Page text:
NPR News

Pages

It's All Politics
2:30 pm
Fri December 21, 2012

Kerry's Cabinet Nod Sets Off Massachusetts Senate Fight

Sen. Scott Brown, R-Mass., gets into his pickup truck after voting in Wrentham, Mass., on Nov. 6. Brown lost the election to Democrat Elizabeth Warren, but both he and his truck could be back on the campaign trail soon.
Gretchen Ertl AP

Originally published on Fri December 21, 2012 2:55 pm

President Obama's nomination of Democrat John Kerry to be secretary of state sets off a chain of events that could put another Kennedy in the Senate, at least on an interim basis.

And it gives ousted Republican Scott Brown a fighting chance of returning to the Senate by midyear.

On Friday, Obama nominated Kerry, the senior senator from Massachusetts, to replace Hillary Clinton as the nation's chief diplomat. A 27-year veteran of the Senate and chairman of the Foreign Relations Committee, Kerry should win easy Senate confirmation early in the new year.

Read more
Superstorm Sandy: Before, During And Beyond
2:06 pm
Fri December 21, 2012

Free Toy Shop Brings Cheer To Sandy's Displaced Families

Each FEMA-registered family with kids can pick out toys at the volunteer-run Staten Island store.
Margot Adler NPR

Originally published on Fri December 21, 2012 6:21 pm

The New York borough of Staten Island was hard-hit by Hurricane Sandy. Almost two months after the storm hit, many residents will not be back in their homes by the Christmas holiday.

One organization is trying to make the season a bit brighter for uprooted families with a free toy store on the island. This all-volunteer effort looks like a real toy store, but it feels more like a community of neighbors.

The shop boasts shelves filled with toys like model cars, Monopoly, dolls, craft supplies and books — almost everything you would want in a regular toy store.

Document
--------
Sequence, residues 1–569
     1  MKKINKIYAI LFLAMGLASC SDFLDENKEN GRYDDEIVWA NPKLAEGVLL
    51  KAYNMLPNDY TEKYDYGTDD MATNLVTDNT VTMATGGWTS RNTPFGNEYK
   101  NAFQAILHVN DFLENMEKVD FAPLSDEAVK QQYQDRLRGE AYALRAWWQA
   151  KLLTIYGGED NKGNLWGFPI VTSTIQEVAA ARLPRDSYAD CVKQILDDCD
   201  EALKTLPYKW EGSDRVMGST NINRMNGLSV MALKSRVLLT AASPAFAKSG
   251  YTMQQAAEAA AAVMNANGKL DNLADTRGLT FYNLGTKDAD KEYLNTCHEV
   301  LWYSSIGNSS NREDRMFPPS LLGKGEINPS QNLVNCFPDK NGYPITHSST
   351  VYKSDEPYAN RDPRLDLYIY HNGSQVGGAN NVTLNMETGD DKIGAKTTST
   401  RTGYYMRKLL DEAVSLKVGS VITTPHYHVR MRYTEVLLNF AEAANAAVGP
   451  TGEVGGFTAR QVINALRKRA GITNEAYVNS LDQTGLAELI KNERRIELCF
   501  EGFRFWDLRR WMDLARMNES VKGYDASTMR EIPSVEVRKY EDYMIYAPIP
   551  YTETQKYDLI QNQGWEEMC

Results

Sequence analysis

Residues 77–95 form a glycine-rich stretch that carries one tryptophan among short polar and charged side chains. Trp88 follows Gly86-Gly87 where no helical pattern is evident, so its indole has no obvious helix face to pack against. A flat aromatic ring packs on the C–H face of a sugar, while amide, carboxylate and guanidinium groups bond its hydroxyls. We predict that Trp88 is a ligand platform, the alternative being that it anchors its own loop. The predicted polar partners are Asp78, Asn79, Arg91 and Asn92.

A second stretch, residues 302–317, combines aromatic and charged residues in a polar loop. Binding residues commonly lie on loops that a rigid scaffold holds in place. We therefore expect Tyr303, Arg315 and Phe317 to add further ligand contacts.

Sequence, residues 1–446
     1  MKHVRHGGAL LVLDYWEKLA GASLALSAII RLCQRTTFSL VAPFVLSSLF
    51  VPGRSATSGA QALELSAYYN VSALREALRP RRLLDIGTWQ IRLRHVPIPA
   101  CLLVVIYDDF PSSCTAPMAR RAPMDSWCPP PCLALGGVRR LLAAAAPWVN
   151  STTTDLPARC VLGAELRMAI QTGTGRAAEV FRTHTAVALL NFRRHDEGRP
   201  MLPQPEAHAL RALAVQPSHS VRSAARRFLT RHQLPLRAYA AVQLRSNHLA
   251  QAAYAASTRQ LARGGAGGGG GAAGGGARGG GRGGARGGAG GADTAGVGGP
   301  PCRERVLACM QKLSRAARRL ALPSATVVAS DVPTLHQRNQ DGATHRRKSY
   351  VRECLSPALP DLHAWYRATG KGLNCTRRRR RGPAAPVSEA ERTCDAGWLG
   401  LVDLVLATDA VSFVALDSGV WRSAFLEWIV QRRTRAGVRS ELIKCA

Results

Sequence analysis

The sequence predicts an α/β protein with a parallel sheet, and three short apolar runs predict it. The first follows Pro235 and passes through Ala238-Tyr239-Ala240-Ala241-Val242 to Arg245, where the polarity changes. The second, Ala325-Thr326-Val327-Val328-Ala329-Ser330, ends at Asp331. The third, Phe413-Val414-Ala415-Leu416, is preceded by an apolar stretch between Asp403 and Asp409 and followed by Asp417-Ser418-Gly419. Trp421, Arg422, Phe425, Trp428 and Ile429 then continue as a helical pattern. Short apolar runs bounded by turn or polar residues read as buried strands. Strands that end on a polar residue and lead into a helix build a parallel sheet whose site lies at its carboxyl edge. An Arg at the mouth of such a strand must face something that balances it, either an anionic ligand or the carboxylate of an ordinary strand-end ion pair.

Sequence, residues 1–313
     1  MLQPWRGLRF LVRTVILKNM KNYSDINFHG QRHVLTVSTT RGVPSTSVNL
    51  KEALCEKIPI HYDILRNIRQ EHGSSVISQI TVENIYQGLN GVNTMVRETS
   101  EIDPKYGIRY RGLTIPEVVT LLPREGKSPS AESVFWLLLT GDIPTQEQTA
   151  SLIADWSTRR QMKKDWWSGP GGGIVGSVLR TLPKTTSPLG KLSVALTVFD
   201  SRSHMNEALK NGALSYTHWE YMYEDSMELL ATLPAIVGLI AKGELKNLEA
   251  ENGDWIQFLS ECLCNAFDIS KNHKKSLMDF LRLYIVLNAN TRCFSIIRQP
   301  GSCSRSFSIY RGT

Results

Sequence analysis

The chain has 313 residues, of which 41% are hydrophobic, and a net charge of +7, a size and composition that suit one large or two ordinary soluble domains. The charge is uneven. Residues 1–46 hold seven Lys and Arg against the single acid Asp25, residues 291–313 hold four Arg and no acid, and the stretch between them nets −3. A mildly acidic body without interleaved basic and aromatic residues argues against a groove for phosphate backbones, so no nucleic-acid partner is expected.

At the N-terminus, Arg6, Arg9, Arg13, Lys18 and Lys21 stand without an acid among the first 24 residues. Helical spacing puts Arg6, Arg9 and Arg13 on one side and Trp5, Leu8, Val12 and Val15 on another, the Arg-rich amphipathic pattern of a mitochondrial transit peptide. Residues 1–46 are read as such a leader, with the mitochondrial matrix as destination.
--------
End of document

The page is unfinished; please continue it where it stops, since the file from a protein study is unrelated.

Read more
Asia
2:06 pm
Fri December 21, 2012

Japan's Economic Woes Offer Lessons To U.S.

Japan's economy has been struggling for two decades and faces some of the same problems the U.S. has. Here, a man in Tokyo passes an electronic board displaying falling global markets.
Yuriko Nakao Reuters/Landov

Originally published on Fri December 21, 2012 6:21 pm

In the 1980s, Japan appeared to be a world beater — the China of its day. Japanese companies were on a tear, buying up firms in the U.S. and property around the world.

But these days, Japan is considered a cautionary tale for post-industrial economies around the world. The country is facing its fourth recession in what are commonly known as the "lost decades."

Japan's story resonates this holiday season as American politicians try to reach a debt deal.

Read more
Asia
1:45 pm
Fri December 21, 2012

Australians Urge U.S. To Look At Their Gun Laws

After a 1996 mass killing, Australia tightened its gun laws. Here, graffiti covers the wall of the hospital holding the suspect of the massacre that left 35 people dead.
Rick Rycroft AP

Originally published on Fri December 21, 2012 6:21 pm

A the U.S. wages a debate on its gun laws, some Australians are urging Americans to consider their experience.

For Australia, the turning point came on April 28, 1996, when a lone gunman opened fire with a semi-automatic rifle in Port Arthur, a popular tourist destination in the state of Tasmania.

Cathy Gordon was there that day, escorting six visiting musicians as part of her job with the Tasmanian Symphony Orchestra. They were leaving a cafe just as the shooter, Martin Bryant, pulled out an AR-15 assault rifle.

Read more
Around the Nation
1:45 pm
Fri December 21, 2012

An Urban Tree Farm Grows In Detroit

Mike Score, president of Hantz Farms, shows off a small-scare version of what Hantz Woodlands will look like.
Sarah Hulett for NPR

Originally published on Fri December 21, 2012 6:21 pm

An entrepreneur says he's got a plan to curb urban blight in parts of Detroit. He's buying up acre after acre of abandoned lots and planting thousands of trees. But where backers of the plan see a visionary proposal, critics see a land grab.

Entrepreneur and Detroiter John Hantz, owner of Hantz Farms and the tree-planting effort called Hantz Woodlands, wants to plant at least 15,000 trees on about 140 acres. Hantz promises to clear out all the trash and keep the grass cut, things the city cannot afford to do now.